More re 'dreams and nightmares'

From: michael a. lebowitz (mlebowit@SFU.CA)
Date: Wed May 21 2003 - 01:17:00 EDT

Dear friends and comrades,
        I confess to impatience with people who talk about gross human rights
abuses and repression with respect to the recent trials of so-called
dissidents in Cuba--- without any sign that they have done any
investigation beyond reading an Amnesty International press release (if
that). The most significant repression in Cuba (where I have been-- except
for trips to Venezuela--- since early February) has been the repression of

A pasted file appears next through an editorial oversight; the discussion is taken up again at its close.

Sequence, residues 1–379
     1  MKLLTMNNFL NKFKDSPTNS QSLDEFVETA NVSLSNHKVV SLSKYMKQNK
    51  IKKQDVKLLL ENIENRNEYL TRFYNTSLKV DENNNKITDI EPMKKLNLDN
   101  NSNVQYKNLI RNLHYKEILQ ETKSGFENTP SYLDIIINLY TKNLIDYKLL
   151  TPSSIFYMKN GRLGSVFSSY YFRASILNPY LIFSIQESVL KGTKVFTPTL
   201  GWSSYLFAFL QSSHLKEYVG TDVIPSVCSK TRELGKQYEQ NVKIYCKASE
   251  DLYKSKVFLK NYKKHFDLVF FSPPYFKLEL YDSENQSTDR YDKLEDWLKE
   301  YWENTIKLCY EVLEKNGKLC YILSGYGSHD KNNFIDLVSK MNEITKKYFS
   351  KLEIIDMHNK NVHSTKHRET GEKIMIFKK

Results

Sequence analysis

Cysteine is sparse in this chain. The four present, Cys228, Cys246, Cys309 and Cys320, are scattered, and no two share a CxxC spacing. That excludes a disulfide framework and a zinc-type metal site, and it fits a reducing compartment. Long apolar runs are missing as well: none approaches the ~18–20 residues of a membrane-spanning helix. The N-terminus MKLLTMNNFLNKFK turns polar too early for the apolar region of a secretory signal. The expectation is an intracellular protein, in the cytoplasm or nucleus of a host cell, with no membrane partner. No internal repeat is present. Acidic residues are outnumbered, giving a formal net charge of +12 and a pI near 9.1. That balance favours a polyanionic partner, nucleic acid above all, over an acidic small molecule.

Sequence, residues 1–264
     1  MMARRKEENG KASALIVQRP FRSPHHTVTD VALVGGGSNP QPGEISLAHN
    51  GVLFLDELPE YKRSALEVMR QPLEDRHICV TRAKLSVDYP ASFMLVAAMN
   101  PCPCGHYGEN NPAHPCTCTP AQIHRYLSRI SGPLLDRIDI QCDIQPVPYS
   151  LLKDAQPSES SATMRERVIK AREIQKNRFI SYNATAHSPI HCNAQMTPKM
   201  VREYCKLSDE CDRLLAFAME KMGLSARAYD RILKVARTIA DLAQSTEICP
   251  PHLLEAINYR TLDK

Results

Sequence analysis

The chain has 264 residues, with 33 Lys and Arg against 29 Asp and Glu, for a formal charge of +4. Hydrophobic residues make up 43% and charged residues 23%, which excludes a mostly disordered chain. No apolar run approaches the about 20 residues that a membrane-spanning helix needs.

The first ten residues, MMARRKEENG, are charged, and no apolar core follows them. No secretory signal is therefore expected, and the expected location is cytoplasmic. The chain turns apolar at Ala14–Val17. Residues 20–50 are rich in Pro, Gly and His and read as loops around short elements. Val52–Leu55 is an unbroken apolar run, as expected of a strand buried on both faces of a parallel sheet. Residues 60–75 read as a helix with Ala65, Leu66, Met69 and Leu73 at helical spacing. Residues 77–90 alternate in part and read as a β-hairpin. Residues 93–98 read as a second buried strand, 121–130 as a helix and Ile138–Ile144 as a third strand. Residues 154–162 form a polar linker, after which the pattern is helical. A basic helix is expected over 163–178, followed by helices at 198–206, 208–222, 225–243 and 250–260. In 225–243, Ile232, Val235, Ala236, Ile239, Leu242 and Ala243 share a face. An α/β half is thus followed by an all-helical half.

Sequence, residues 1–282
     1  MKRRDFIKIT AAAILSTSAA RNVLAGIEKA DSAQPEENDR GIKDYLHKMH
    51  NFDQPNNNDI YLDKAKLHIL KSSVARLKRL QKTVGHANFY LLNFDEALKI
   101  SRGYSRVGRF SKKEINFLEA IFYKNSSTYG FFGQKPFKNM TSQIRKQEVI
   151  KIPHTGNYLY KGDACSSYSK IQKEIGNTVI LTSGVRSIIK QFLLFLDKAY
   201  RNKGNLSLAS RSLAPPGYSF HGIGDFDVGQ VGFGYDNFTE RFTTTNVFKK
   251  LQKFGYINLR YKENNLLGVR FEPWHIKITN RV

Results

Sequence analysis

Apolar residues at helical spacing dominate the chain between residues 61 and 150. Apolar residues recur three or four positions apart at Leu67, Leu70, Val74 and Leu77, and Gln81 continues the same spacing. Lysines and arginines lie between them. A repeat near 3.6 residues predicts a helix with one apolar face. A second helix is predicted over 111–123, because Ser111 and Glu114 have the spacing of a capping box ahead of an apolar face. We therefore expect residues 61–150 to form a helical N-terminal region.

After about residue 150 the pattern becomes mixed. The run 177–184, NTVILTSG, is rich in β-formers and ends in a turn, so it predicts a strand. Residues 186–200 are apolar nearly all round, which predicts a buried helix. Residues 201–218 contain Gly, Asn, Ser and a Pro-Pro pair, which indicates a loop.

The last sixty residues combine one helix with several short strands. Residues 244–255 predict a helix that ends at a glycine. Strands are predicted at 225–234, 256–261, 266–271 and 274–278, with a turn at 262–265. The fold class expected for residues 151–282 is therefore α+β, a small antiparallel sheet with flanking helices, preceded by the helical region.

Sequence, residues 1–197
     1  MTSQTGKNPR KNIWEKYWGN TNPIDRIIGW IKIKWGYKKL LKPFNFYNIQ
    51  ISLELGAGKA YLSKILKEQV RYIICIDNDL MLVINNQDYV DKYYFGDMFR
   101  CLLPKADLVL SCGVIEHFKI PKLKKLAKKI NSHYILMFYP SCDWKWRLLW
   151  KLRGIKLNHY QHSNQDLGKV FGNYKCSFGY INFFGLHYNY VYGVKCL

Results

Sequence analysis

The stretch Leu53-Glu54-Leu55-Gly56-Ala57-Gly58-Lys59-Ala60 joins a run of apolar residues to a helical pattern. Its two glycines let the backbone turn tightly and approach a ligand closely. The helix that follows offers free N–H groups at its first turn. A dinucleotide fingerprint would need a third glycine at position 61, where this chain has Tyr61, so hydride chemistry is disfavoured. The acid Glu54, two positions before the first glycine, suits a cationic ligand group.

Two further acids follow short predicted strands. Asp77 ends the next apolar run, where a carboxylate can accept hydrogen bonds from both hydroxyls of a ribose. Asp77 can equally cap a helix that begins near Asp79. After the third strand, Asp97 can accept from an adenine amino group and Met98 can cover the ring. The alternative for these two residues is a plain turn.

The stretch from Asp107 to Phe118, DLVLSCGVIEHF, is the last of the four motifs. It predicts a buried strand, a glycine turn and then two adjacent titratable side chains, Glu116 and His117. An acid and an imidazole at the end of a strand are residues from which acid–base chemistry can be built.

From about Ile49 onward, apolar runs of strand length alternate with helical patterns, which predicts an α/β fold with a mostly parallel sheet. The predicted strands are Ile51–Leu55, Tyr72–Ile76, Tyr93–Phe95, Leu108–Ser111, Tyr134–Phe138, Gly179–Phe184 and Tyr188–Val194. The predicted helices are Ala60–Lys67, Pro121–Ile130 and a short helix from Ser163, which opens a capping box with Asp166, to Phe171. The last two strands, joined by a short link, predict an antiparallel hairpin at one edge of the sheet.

law-breaking--- first and most significantly against an emerging drug
network and extending to prosecution of people renting apartments without
licenses, serving food obtained through the black market in the paladares
and even to people selling peanuts on the street without a license.
(Policing and fines for traffic violations are also up substantially.)
Since so many people rely heavily on getting a little (and in some cases, a
lot) on the side, this crack-down has had great impact, and my personal
view (not the Cuban official position) is that it is an important part of
the explanation as to why there was an upsurge in hijackings (not only the
ones which made the headlines but also the 27 foiled plots)--- and why
people with criminal records were prominent in these.
        That's not the repression, though, that people mean when they go on about
the plight of independent journalists, librarians, trade unionists, human